halutz 298 JP.
(photo credit: Ariel Jerozolimski [file])
Following the conclusion of several months of probes into the summer's Lebanon war, IDF Chief of General Staff Lt.-Gen. Dan Halutz announced his resignation late Tuesday night.
Senior officers estimated that Halutz's decision was made after he received inside information that he would take the fall in the results to be published in February by the government-appointed Winograd Commission. The officers pointed to his remarks made two weeks ago that he planned to remain in the IDF, and said that his decision to resign indicated that "something extreme changed his mind."
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Full text of Halutz's letter of resignation
Halutz began to send messages that something was in the works earlier this week after he cancelled his appearance at the prestigious Herzliya Conference set to begin next Sunday, and after he did not accompany Prime Minister Ehud Olmert during his tour of the West Bank Tuesday afternoon.
Chiefs of Staff have always appeared at the Herzliya Conference, and have always accompanied prime ministers during their tours of military installations.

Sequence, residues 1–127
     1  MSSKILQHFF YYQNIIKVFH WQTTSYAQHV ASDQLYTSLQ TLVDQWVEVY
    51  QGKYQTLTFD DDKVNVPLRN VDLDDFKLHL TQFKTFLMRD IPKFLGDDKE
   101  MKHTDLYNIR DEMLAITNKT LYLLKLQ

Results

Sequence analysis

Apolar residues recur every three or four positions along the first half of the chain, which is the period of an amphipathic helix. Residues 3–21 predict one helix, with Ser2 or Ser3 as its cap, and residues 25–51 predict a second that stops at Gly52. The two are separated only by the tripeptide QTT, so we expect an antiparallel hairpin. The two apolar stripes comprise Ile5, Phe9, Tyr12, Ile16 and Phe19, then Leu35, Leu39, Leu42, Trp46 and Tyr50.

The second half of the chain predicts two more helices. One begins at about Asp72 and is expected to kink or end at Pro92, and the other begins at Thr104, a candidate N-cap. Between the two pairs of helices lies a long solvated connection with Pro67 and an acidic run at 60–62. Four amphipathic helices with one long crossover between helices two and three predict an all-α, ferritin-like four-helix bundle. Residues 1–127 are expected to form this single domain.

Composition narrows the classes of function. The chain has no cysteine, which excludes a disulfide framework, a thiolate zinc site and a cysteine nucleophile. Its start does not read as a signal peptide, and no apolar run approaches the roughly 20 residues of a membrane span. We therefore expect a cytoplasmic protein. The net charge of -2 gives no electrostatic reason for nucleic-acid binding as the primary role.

According to a source close to Halutz, Tuesday night's decision for Halutz to resign was planned "from the beginning."
"He wanting to investigate the IDF to the best of his ability," the source close to the chief of staff said. "After he completed that task, and after creating the work plan, he decided it was time to step aside and pave the way for another officer to lead the IDF into the future."
The IDF spokesperson released a statement of Halutz's decision after midnight on Tuesday night. Since the completion of the war in Lebanon in August, Halutz came under an onslaught of criticism from fellow commanders and politicians calling for his resignation and blaming him for the disappointing results of Israel's 33-day fight against Hizbullah.
Many of the IDF internal probes found that Halutz was personally responsible for the confusion and orders distributed during the war, and the IDF lack of preparation for embarking on the war this past summer.
Despite the immense pressure he was under, less than two weeks ago Halutz seemed to indicate that he planned to stick it out in the IDF.
"I did not hear my superiors tell me to go. When they ask me to, I will respond." Halutz told military reporters during a briefing in Tel Aviv. Halutz at the time referred to the Winograd Commission, and said that if the committee recommended that he leave, he would do so.
Halutz, 58, was in his previous job deputy chief of staff, and before that the Israeli Air Force commander. He was the 18th chief of staff, and the first to come from the Air Force.
Halutz's decision to resign opened the race for his succession, with the Ministry of Defense Director-General Maj.-Gen. (Res.) Gabi Ashkenazi the frontrunner.
Deputy Chief of Staff Maj.-Gen. Moshe Kaplinski will serve as Halutz's temporary replacement.
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